Bee News May 2023 by Peter Smith

May marks the start of the swarming season for honeybees. Swarming is the natural process by which honeybee colonies propagate and move beyond an existing colony location. The exact mechanisms for swarming aren’t fully understood but it’s thought to be primarily about available space as the colony expands though there’s also a strong genetic component to swarming with some queens being more prone to swarm than others. What happens is that the workers will start to construct ‘queen cells’ – especially elongated cells into which the queen will deposit an egg which is subsequently raised to be a queen by feeding it so called ‘royal jelly’ (a protein-rich substance that stimulates the growth of the ovaries). Meanwhile, other workers will rush about the colony ‘stirring up’ the other workers until the whole colony is fizzing. At the same time, workers will withhold food from the queen and start to drag her around to get her to lose weight (about half her body weight) in order to fly. Finally, the worker bees will gorge on honey to sustain them until they can find a new home and about half the colony – so up to 30,000 bees – will start to leave the hive taking the queen with them.

A swarm is an impressive sight, it can look a bit scary but in fact the bees aren’t defending a nest so they are not particularly aggressive and as they are also full of honey they have difficulty bringing their stings to bear – though I don’t recommend trying to check this. They will settle within about 100 metres of the parent hive though they may move more than once while scout bees set out to look for a new nest site. New research suggests that the scout bees may share a genetic component (though the queen is mother to all bees in the colony because she has mated with up to 30 different drones they have different fathers) and amazingly the 200 to 300 scouts will check every possible nest location in an area of several square miles and through a complicated process of ‘debate’ involving exchanging details on each site the colony eventually settles unanimously on one location and off they go.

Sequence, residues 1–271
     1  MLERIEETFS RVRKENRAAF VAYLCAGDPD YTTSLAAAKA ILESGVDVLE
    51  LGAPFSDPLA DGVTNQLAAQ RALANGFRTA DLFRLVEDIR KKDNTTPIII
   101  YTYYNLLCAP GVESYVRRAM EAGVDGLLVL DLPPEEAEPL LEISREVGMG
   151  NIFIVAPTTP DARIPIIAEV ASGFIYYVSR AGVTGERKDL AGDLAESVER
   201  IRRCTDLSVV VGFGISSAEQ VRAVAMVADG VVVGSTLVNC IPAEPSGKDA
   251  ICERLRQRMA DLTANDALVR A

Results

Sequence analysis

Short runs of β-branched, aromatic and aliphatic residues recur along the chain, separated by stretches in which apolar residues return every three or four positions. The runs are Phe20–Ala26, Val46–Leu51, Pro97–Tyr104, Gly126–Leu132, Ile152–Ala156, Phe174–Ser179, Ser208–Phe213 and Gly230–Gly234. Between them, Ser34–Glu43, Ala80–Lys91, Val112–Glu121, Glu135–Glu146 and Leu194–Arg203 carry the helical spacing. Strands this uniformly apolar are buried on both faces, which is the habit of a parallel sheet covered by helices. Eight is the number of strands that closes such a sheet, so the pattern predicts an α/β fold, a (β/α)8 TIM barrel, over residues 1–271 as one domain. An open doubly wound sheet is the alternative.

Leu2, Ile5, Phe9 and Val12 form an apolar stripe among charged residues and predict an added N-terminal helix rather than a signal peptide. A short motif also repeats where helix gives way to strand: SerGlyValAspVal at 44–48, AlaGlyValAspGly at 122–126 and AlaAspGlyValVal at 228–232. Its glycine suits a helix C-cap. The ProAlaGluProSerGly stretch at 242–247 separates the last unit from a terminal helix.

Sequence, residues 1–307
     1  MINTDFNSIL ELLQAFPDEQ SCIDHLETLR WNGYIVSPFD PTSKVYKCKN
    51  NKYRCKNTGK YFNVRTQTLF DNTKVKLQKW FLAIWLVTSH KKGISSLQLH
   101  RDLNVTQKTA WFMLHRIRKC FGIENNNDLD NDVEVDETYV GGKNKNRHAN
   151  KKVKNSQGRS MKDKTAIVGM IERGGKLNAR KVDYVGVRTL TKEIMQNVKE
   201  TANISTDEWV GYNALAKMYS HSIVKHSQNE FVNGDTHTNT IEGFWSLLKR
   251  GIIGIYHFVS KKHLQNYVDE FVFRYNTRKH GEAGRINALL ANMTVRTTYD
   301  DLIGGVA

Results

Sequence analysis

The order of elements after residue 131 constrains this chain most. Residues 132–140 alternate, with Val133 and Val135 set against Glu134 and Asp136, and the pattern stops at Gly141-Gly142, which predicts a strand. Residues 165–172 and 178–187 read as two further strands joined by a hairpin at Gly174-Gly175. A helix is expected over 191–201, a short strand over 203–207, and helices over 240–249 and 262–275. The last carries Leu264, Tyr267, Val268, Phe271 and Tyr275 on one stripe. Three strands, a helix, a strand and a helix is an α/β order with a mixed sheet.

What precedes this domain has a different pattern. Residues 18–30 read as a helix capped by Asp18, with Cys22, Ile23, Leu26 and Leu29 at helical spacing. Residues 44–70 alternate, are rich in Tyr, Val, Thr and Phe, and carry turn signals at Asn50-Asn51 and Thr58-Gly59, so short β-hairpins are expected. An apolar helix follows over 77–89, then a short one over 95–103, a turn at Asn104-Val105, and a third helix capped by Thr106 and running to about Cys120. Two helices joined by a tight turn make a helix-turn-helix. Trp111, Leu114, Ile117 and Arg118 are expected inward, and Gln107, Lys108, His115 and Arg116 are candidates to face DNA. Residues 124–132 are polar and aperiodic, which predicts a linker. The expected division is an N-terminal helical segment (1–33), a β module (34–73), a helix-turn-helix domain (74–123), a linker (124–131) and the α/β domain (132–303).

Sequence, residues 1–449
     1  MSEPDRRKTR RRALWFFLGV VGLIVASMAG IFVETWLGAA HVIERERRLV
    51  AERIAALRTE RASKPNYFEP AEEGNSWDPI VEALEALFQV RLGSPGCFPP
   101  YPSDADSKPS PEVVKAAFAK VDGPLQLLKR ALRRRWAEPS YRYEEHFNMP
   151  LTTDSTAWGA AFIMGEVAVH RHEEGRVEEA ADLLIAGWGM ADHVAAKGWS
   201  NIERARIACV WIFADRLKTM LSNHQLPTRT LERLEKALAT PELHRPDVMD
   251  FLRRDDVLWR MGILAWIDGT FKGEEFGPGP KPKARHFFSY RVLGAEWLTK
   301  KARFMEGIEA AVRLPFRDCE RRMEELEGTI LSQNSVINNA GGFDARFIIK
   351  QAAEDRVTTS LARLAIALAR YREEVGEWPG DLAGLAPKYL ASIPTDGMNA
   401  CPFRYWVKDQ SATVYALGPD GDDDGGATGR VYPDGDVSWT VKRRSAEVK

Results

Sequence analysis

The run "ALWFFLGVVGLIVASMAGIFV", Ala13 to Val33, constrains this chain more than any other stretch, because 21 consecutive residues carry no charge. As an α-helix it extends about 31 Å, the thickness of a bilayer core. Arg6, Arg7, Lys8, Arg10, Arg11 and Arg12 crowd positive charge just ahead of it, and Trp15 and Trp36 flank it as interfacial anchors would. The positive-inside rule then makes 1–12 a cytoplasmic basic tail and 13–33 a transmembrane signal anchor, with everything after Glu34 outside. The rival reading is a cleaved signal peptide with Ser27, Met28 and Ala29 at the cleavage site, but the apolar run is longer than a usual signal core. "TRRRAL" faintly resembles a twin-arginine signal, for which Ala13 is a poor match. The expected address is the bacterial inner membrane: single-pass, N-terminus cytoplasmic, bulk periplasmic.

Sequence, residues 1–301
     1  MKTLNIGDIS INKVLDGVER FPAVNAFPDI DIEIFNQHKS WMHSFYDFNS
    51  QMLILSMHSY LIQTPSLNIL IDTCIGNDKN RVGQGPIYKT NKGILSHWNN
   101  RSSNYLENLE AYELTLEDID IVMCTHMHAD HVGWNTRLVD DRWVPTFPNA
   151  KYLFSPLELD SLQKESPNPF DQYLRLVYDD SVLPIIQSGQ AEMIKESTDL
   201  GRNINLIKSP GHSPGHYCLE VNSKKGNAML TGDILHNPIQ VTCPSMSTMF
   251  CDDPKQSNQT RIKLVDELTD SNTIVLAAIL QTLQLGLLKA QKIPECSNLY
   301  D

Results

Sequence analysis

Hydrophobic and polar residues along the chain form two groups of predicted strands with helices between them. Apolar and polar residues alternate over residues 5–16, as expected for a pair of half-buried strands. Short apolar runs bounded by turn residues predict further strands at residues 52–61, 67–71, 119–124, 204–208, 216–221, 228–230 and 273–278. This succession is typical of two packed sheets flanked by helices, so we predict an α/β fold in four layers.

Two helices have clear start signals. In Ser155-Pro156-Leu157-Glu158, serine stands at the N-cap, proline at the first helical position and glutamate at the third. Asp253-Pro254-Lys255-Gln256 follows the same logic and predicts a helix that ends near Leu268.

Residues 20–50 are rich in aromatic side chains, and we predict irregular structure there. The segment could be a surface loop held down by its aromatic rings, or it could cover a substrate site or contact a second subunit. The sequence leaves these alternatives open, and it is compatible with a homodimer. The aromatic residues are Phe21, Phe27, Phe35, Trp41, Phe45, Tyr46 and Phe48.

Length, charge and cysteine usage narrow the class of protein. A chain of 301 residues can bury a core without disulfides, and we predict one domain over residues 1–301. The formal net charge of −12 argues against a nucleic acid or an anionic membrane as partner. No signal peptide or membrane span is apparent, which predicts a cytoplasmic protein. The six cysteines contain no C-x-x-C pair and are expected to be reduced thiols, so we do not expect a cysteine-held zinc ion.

The problem is that very few honeybee colonies can survive in the wild – honeybees are prone to a range of pests and diseases, they may be unable to find a suitable location (they only have about 48 hours before they run out of food) or someone may call in a pest controller to destroy them. And of course, from the beekeeper’s perspective, it’s not good to lose half your bees. So responsible beekeepers practice ‘swarm control’ which can take different forms – my favourite method is something called a ‘shook swarm’ (if you’d like to know more just let me know) or the ‘nucleus method’ which involves removing the queen before the colony swarms. That’s why if you look at the apiary at the bottom of the garden there are two boxes to the left of the beehives– these are nucleus boxes with the old queen which will stay there until a new queen has successfully mated and started laying at which time I’ll either reunite the ‘nucs’ with the colonies or use them to create a brand new colony in a new location.

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